Seven weeks and 19 games into the Miami Heat’s postseason grind, James had moments in Game 1 of The Finals on Tuesday when the fatigue of it all peeked through. A big exhale during a dead ball, those broad shoulders visibly slumping for a second or two. One play where he wound up on the floor and took just a little longer to rise before forcing himself to catch up on the other end.
James played almost 46 minutes, his ninth consecutive game logging 43 or more on his and the Heat’s push toward an NBA championship. Coach Erik Spoelstra, who divvied up 228 of the game’s 240 available minutes to just six players, is leaning heavily on the league’s Most Valuable Player, as are his teammates, as are the Miami fans, as are the league honchos and network executives and broadcast sponsors and …
So when James entertained, however briefly, the idea of rest, however brief, after his team’s 105-94 loss to Oklahoma Cityin the series opener, he was almost immediately assailed by some of his ever-present critics. All it took was a simple statement of fact — “We’re going to have to have more guys in there to give me and [Dwyane Wade] a rest” — to bring out the cynics. Hey, you never saw Michael Jordan, Larry Bird or Magic Johnson asking for rest in The Finals!
It’s the world James lives in. Fans surely aren’t going to give it a rest anytime soon. And from the sound of it, the same might be true for Spoelstra with James.
“I’ll probably go a little bit deeper into the rotation obviously, try to get the guys a little more rest,” he said on the day before Game 2. “But we’re not making any excuses. Their two top guys played the same amount of minutes. … Fatigue wasn’t an issue.”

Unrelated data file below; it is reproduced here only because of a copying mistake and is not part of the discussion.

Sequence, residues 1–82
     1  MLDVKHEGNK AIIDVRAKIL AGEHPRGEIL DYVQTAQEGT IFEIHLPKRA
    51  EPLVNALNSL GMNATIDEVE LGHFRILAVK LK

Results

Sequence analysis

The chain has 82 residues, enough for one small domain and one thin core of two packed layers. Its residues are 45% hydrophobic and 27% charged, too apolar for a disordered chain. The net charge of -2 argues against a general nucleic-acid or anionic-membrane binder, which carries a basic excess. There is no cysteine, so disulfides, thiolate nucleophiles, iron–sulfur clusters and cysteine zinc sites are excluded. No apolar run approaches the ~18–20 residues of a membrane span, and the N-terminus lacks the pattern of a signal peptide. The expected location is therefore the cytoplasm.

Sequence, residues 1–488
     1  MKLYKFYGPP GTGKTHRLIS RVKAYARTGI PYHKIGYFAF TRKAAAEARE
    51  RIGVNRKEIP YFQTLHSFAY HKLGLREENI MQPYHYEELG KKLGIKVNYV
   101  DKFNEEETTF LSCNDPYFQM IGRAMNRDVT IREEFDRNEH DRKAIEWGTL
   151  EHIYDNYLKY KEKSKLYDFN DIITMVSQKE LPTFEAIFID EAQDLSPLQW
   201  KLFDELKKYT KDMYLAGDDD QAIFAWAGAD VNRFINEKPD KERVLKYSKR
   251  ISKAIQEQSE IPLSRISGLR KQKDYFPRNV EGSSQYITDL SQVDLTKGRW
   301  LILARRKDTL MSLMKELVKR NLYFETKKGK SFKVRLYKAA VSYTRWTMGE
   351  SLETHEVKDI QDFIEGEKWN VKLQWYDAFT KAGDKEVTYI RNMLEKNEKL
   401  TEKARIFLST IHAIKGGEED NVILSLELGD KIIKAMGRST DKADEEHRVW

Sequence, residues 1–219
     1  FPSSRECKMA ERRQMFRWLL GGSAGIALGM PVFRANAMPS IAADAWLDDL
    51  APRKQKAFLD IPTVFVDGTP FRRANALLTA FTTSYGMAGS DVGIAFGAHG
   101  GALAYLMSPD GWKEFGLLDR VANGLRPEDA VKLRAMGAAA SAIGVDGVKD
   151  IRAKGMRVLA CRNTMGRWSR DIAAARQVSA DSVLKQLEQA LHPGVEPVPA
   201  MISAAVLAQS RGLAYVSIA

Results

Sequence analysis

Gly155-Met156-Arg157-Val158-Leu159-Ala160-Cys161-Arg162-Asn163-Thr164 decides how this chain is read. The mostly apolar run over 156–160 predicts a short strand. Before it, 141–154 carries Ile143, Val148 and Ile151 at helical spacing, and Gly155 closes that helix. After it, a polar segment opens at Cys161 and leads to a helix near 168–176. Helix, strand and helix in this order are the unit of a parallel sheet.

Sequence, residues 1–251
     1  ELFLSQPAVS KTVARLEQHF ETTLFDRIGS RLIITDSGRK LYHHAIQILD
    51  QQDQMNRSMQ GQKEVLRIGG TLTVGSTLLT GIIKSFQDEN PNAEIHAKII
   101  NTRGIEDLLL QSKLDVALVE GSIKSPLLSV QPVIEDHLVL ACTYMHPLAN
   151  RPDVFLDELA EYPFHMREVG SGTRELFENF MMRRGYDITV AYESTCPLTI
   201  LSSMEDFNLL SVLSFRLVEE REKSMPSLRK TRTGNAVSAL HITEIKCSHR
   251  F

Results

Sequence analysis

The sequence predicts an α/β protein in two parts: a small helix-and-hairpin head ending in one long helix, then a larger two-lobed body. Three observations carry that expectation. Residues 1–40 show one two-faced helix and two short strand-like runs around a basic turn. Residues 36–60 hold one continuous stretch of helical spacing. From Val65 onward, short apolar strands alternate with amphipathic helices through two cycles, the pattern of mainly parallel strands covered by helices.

Like a lot of coaches, Spoelstra relies on timeouts — particularly the XXL ones of the playoffs, whether wedged into quarters or spacing out halves — to regulate his guys’ minutes. “Little pockets of time,” he calls them, that can bring some relief without costingMiamieven a tick on the game clock of James’ or others’ services. Then there’s the playoff pace — turnover, foul, free throw, all in a halfcourt game — that can stretch one or two minutes out of the game to five, six or seven real minutes on the bench. “You know, at this point, there’s 10 days left in the season,” Spoelstra said. “Both teams have played quite a few minutes up to this point, and we’re very capable, and our guys understand that.”
How do the two Finals teams stack up in minutes and grind? Let’s compare:
•Miamihas played 19 playoff games, with one extra game in each of the first three rounds: five againstNew York, six againstIndianaand seven againstBoston. Oklahoma City got through Dallas in four, the L.A. Lakers in five and San Antonio in six for a total now of 16.
• In terms of days between rounds and available rest, the Thunder has a big edge: 18 days in the gaps between its series (8-5-5), compared to the Heat’s eight (3-3-2).
•Miamihas four players who are averaging at least 32 minutes per game (James 42.6, Wade 39.3, Mario Chalmers 35.4 and Shane Battier 32.8).Oklahoma Cityis using only Kevin Durant (41.9) and Russell Westbrook (37.4) that heavily, with six other players logging 16-30 minutes on average.
• James has played an NBA-high 809 minutes this postseason, third-most so far in his seven playoffs trips. Durant, in three fewer games, has played 670 minutes. Add in their regular-season minutes and James has 3,135 on his 2011-12 meter compared to Durant’s 3,216 (thanks to a league-leading 2,546 in the first 66 games).
• Durant played more than 40 minutes in a game 29 times in the regular season and 12 times in 16 playoff games, with six of 43 minutes or more. James’ parallel numbers: 18, 15 of 19 and 11 — including the past nine. In fact, over that stretch forMiami– nine games in 20 days — James has averaged 45:41.
This isn’t just a James vs. Durant comparison, though. In the young legs department, the Heat superstar, at 27, is closer in age and mileage to “old man” Wade, 30, than he is to Durant, 23. This is more about James and his giant minutes, in terms of what’s best for him andMiamiand in terms of what traditionally has worked.